This, I would learn, is where I really got it all wrong.

In my world, Barbie wasn’t an especially young woman – she was an adult, in her mid 30’s, old in the eyes of a child. Skipper was not Barbie’s little sister. Instead, she was her young daughter. No, Barbie was not married to Ken. In my Barbie world, Ken wasn’t even in the picture. Yes, I had a Ken doll, but he was buried in my old toy box somewhere, beneath boxes of puzzles that were missing pieces, stuffed animals that I no longer placed on my bed but I couldn’t bear to part with, and stray Lego pieces.

I didn’t learn the supposed truth about Barbie’s world until the day that I had a trusted friend over to my house for play. This friend was three years older than I was and had once showed me a book titled Where Babies Come From complete with cartoon characters twisted into cozy shapes and sporting lumpy bellies, breasts and bottoms. For a long time, I thought sex equated cartoon hearts in the air.

“You got it all wrong,” she said.  “Skipper is Barbie’s little sister. She’s not Barbie’s daughter.” She was scornful, frowning the way older children do in their superior knowledge of the world.

I stared at the two dolls I had in my hands. It had never occurred to me that Barbie would have a younger sister. I was the youngest of eight siblings, and my older sisters had kids of their own, and many of them looked about the same age as Skipper. So, why couldn’t Barbie have children? I knew that a man technically was needed for a woman to have children, but then, the woman could be on her own. Why not? I saw single women and single mothers in my life all the time.

As for the many married couples I knew, including members of my own family, the men seemed to be pushed into the background: disappearing into third shifts at factories so they were absent during the days or vanishing on mysterious hunting and fishing trips during the weekends. In many ways, it seemed that the women in my lives were on their own. Financially, this wasn’t true. I knew that the men worked and brought home the much needed paychecks. Still, I saw that the women were in charge – after all, my mother worked part time but in a time before automatic deposits, she collected my father’s pay check every other Friday so she could pay bills and buy groceries.  In rural Pennsylvania, women’s balancing act of raising families, holding down part-time jobs, and keeping a household intact was a source of pride.

 

Ruth Handler, the woman who created Barbie, said this about her toy:  “Barbie has always represented the fact that a woman has choices.”

According to Barbie & Ruth by Robin Gerber, Handler came up with the idea of an adult doll after watching her daughter and her daughter’s friends play with paper dolls. The girls played with the flimsy dolls until they ripped. It was apparent to her that young girls wanted more than just baby dolls – they wanted to play as adult women in an adult world.  Perhaps they wanted to emulate the world of little boys, who always seemed to have more adult toys, such as toy cars.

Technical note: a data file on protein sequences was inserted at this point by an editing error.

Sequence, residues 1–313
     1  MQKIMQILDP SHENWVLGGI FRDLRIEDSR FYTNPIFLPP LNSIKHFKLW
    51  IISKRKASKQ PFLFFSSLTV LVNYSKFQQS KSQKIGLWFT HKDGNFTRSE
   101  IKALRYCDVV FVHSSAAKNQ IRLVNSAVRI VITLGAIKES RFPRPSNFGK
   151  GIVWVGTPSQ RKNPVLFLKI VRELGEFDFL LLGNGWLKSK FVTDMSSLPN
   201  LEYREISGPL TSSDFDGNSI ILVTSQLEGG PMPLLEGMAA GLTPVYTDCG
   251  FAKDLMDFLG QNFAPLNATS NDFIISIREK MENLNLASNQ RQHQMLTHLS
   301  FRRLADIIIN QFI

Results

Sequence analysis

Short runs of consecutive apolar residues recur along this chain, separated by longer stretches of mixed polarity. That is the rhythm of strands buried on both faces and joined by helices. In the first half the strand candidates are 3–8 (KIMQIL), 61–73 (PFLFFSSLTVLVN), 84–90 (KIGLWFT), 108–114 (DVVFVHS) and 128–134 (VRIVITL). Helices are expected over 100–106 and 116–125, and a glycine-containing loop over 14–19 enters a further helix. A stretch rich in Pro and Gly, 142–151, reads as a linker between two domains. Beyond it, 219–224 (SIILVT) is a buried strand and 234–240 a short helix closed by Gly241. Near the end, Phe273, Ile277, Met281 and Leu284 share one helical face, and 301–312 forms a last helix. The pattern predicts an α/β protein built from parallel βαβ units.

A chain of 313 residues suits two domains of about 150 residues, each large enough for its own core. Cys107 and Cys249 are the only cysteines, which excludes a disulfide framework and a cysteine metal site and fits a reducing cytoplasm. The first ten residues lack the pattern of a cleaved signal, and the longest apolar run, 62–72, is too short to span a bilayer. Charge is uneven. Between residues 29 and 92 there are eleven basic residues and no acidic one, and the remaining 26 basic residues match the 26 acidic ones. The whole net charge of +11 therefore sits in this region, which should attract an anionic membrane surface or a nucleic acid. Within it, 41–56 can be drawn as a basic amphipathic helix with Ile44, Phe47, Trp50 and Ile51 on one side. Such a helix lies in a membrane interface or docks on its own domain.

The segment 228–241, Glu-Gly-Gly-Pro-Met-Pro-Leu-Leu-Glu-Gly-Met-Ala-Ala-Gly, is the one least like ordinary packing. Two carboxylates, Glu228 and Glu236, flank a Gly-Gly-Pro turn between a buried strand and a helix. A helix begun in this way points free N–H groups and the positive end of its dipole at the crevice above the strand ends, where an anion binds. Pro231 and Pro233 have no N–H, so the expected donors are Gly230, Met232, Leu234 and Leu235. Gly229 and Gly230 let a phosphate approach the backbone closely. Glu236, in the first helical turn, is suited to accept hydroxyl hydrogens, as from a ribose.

I avoided playing with baby dolls. I had no interest in pretending to be a mother to the hard plastic figures with clear soulless eyes and gaping mouths.  I was much more intrigued by the neighborhood boys who got to play with GI Joe figures and Matchbox cars – both toys that seemed to be much more part of the adult world.

My Barbie dolls gave me a world of choices. Barbie could have spent most of her time in the toy kitchen (complete with a handheld mixer that really worked before the batteries died). But she made her way through the plywood dollhouse, sometimes cleaning the bathroom and making her bed, but more often not bothering, leaving blankets in tangled messes. Clothes fell from their plastic hangers and jeans spilled out from dresser drawers.

My Barbie was hardly the perfect housekeeper.

In fact, she often walked out the door of  her cozy home to the outside world. Sometimes, she rode her plastic horse. Sometimes, she walked her plastic dogs. More often than not, however, especially in the summer months, she made her way to the front lawn outside.

She could have spent time dressing up in fancy dresses and shoes; instead, she mostly sported plain shirts and homemade jeans. She could have worn the flimsy plastic high heels that fit her feet; instead, she mostly went barefoot.  Ken could have been her constant companion, or he could have stayed in the plywood house or be dismissed to the bottom of a toy box.

He was dismissed to the bottom of the toy box.

Unaware of what she was supposed to be, my Barbie was clearly independent.

 

That day in the hallway, while my colleagues discuss the history of Barbies’ impossible bodies, I thought back to my days of play. I am as sure now, as I was then, that my Barbie could stand on her own. She could hold any number of jobs, and indeed in my afternoon play, she became many things.  Sometimes, she was a dog groomer or a veterinarian. Other times, she was a doctor or a lawyer. Still other times, she was a newspaper reporter or a writer of Nancy Drew mysteries.

I even remember that one Saturday, after watching my brothers work on their vehicles, I hoisted Barbie’s pink convertible up into the air with a makeshift jack made out of pipe cleaners. I then spent a busy afternoon with a Barbie doll fixing the convertible, which in this case meant reattaching the loose wheel.

I even had the perfect doll for the job: my shoe polish smudged Barbie, her face already grubby and her small hands soiled. But she was still beautiful.

And she was ready to go.

Header photograph © Jason D. Ramsey.